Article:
(YouTube/Party Rock Records)

The literal worst song of the year has arrived

A party rock anthem to telling women to shut up

Mary Elizabeth Williams
November 11, 2014 1:39AM (UTC)

I'm not saying there's ever a great time to make a song and a video that glorifies aggression toward women, but wow did Play-N-Skillz and company pick a particularly acute moment to go ultra tone deaf.

Just this weekend, Brown University sent out a letter to students after confirming that at least one student tested positive for date-rape drug GHB after attending a fraternity party last month. A student also reported being sexually assaulted. This fall, a Columbia University student gained worldwide attention for dragging her mattress around campus in protest over the school's handling of her alleged rape. In an effort to curtail sexual assault, California recently mandated "affirmative, conscious, and voluntary agreement to engage in sexual activity" at its state universities. And last month, the Education Department’s Office for Civil Rights revealed that 85 American colleges and universities are facing sexual assault investigations. We have reached a tipping point in our conversation about how widespread the problem is, and how shamefully victims have been treated not just by their abusers but the academic institutions they trusted. This is all information that did not quite make its way into the video for "Literally I Can't."


The Play-N-Skillz track, featuring Lil Jon, Enertia McFly and LMFAO's Redfoo, tells the age old tale of some stuck up sorority girls lured into the animal house of "STFU." The gentlemen try to coerce the ladies into letting loose with offers of shots of alcohol and pleas for some "girl on girl," leading to the back and forth debate of "Literally, I can't" and the shouted reply "Shut the f__k up." And if you think the sentiment is charming, wait till you see the video, featuring the girls being swarmed upon by an angry, twerking mob who want to get "low low low while I Instagram ya." It continues in this manner for over four excruciating minutes, with various hostile directives for women to "jump on the pole; I didn’t need your opinion" interspersed with product placements for Birthday Cake brand wines and the porn site Red Tube. Gosh, their marketing departments must be so proud. Nothing like perpetuating the idea that women exist solely for you to comment on in whatever revolting manner crosses your mind and to abuse if they don't comply!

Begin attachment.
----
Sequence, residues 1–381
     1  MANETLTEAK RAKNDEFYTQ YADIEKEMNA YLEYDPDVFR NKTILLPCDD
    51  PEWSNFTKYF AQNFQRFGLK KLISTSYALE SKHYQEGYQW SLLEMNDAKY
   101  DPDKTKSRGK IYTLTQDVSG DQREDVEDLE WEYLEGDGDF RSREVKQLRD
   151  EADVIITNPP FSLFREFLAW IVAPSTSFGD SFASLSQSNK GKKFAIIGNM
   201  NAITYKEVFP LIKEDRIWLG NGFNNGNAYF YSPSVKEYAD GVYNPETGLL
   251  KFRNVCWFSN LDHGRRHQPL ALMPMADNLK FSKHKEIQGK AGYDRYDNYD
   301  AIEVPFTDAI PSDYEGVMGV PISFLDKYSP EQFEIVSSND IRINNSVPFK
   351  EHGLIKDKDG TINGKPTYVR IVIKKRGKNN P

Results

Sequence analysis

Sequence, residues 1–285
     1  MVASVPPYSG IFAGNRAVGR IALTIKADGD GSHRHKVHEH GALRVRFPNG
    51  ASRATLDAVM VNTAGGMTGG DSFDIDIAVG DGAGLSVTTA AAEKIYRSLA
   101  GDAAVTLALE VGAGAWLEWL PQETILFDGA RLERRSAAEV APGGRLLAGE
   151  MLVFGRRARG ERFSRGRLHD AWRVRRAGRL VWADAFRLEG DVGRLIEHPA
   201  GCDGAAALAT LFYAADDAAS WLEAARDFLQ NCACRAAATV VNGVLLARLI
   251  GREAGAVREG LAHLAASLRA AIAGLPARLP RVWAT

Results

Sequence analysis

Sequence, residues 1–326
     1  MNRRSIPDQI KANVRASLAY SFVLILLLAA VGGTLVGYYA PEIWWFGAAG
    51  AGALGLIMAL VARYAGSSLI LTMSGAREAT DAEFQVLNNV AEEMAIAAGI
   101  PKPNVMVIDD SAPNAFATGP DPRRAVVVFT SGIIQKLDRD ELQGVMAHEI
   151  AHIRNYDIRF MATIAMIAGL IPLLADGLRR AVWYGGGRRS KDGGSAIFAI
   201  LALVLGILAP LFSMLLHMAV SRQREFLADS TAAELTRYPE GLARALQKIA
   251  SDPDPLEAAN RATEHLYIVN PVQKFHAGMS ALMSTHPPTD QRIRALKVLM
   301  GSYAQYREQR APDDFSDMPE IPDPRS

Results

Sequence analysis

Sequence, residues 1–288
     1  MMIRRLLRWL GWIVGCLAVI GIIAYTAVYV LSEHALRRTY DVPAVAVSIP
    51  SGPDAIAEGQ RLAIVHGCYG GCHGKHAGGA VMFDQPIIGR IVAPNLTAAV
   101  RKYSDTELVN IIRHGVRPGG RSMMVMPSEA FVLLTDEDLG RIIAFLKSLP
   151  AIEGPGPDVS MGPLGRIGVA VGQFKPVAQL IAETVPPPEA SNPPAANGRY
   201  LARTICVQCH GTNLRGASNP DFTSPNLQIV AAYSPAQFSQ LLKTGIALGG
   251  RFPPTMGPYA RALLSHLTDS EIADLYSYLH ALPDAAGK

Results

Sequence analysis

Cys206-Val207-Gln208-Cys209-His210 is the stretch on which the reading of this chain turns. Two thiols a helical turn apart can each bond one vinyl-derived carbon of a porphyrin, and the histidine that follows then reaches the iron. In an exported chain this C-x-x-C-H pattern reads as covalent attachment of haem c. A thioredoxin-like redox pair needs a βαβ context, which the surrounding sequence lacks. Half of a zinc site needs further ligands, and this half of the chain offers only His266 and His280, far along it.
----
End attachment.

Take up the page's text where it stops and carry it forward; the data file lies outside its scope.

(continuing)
I can understand how Play-N-Skillz might be frustrated with the women's misuse of "literally" when they probably literally can dance or consume a shot – although I can easily imagine being literally unable to choke down a glass of cake batter flavored wine -- but I still find the hostility a bit of an overreaction. Whatever the motivation for the rage, the message is clear – a woman who says no needs to shut up and get out. Not only is it wildly offensive, it's a blatant ripoff of a goofy, lighthearted "White Girl Anthem" Vine that went viral earlier this year. Oh, and it's a terrible song. As Australian journalist Nick Bond rightly notes, "This makes Party Rock Anthem sounds like Imagine." It's not satire. It's not fun. It's just miserable and mean and sad and spoiled sounding.

On Monday, a colleague made the error of some of the YouTube comments on the video, and is now recuperating from his own case of Can't Even. I don't know what makes me more depressed about the whole thing – its existence, the people defending it, or the thought of all the young actresses who appear in it – because it's not just men who perpetuate this garbage. And considering that this whole hot mess dropped right around the same time as Nicki Minaj's unfortunate homage to "Triumph of the Will," it's pretty amazing that "Literally I Can't" still manages to be even more offensive. All other wannabe horrible songs and videos of 2014, you can go home. This wins. And while you can, literally, watch and listen to it, I can promise if you do it'll literally be the worst four minutes of your day.

Mary Elizabeth Williams

Mary Elizabeth Williams is a staff writer for Salon and author of "A Series of Catastrophes & Miracles."

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Related Topics ------------------------------------------

College Sexual Abuse Enertia Mcfly Lil Jon Literally I Can't Lmfao Play-n-skillz Sexism

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